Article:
You are on page 1of 2

C 386/112 Official Journal of the European Communities EN 11.12.

98

FTF, the trade union which represents men and women employed as cabin attendants by Maersk Air, has brought
the matter before the court of justice in Denmark. A hearing is scheduled for 12 June 1998.

1. What is the Commission’s reaction to a make-up requirement as part of the working conditions for women?

2. Does it not think that it conflicts with the EU directive on equal treatment?

Answer given by Mr Flynn on behalf of the Commission


(11 June 1998)

The Commission firstly notes that the union representing Maersk Air crew members has referred the obligation to
wear make-up imposed on the airline’s female employees to the relevant courts.

As a rule, the Commission does not comment on disputes brought before national courts. The Commission
therefore considers that it is not for it to answer the first part of the Honourable Member’s question. On the second
part, the Commission considers that it is for the court hearing the case to determine whether the obligation to wear
make-up falls within the scope of Council Directive 76/207/EEC of 9 February 1976 on the implementation of the
principle of equal treatment for men and women as regards access to employment, vocational training and
promotion, and working conditions (1) and, if soe, whether this obligation creates direct or indirect discrimination
against female employees. In case of doubt, this court may stay the proceedings and submit one or more requests
for a preliminary ruling to the European Court of Justice.

(1 ) OJ L 39, 14.2.1976.

(98/C 386/152) WRITTEN QUESTION E-1323/98


by Jean-Antoine Giansily (UPE) to the Commission
(29 April 1998)

Subject: European Union policy on tourism

In a few years tourism will be the most dynamic sector of the EU economy. Tourism not only helps to promote
international understanding, it also creates many jobs for small and medium-sized businesses and is a sustainable
long-term activity.

Does the Commission not therefore consider that it is vital and urgent to introduce a real Community policy on
tourism and what measures does it think are appropriate, given that, as yet, there does not really seem to be a legal
basis for tourism?

As part of an effective European policy on tourism, is it not essential to set up a European Tourism Office in one
of the countries which is a major tourist destination?

Answer given by Mr Papoutsis on behalf of the Commission


(12 June 1998)

The Commission is aware of the economic, social and cultural importance of tourism, especially because of its
contribution to employment in Europe.

The Commission shares the Honourable Member’s opinion concerning the urgent need for a formal Community
policy on tourism, on condition that it is based on the principle of subsidiarity and does not intrude upon the
responsibilities of the Member States. With a view to establishing a legal basis which ensures the continuity and
11.12.98 EN Official Journal of the European Communities C 386/113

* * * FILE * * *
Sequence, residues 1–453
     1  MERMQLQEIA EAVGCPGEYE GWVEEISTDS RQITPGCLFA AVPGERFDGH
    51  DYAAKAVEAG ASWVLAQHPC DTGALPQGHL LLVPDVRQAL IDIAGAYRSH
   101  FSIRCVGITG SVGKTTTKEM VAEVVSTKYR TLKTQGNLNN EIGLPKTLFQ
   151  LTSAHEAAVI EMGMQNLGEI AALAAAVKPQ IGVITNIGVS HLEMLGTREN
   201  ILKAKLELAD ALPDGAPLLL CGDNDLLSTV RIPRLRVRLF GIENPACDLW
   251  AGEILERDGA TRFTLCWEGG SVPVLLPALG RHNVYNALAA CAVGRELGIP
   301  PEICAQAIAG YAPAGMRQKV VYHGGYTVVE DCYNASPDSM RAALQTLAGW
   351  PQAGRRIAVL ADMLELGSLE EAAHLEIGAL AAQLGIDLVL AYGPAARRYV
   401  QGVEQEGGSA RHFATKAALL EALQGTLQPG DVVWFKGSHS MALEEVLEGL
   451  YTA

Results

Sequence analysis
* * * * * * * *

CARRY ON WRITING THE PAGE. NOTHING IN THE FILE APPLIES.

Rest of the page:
effectiveness of Community measures in this area, the Commission will continue its efforts to obtain a Council
Decision on a Multiannual Programme to assist European tourism, such as the one put forward in the 1996
proposal for a Council Decision on a First Multiannual Programme to assist European tourism − Philoxenia
(1997-2000) (1) and the subsequent amended proposal (2).

Given its existing responsibilities, however, the Commission does not consider the creation of a European
Tourism Office appropriate.

(1 ) OJ C 222, 31.7.1996.
( 2) OJ C 13, 14.1.1997.

(98/C 386/153) WRITTEN QUESTION E-1324/98

by Jean-Antoine Giansily (UPE) to the Commission


(29 April 1998)

Subject: Establishment of a European climate agency

Following the position adopted by the European Parliament on the Commission’s strategy paper on reducing
methane emissions, what is the Commission’s response to the suggestion from the Environment Committee that a
European climate agency should be set up and when is such an agency likely to see the light of day?

Answer given by Mrs Bjerregaard on behalf of the Commission

(19 June 1998)

The question of creating a European climate agency was raised in the Parliament’s resolution on the
Commission’s communication ‘A strategy for reducing methane’ (1).

In reply to this specific question during the debate on the above communication, the Commission said that the
idea of creating a European climate agency was an interesting idea and deserved consideration. However, before
the Commission could take a position, such a step would require further careful examination since it raises a large
number of practical and institutional questions concerning the role of such an agency. The Commission is not at
the moment pursuing this issue as it is concentrating its efforts on following up the Kyoto conference which is a
top priority.

(1 ) COM(96) 557 final.

(98/C 386/154) WRITTEN QUESTION E-1328/98


by Graham Mather (PPE) to the Commission

(29 April 1998)

Subject: Compulsory competitive tendering: case of Oldham Metropolitan District Council (UK)

Is the Commission aware of a recent case in the UK involving a building maintenance contract awarded by
Oldham Metropolitan District Council to its own Direct Services Organization without the due competitive
tendering process taking place? This case was subject to the issuance of a notice under Section 14 of the 1988
Local Government Act on Compulsory Competitive Tendering in August 1995, which was subsequently
overruled (early in 1998) by the incoming UK administration.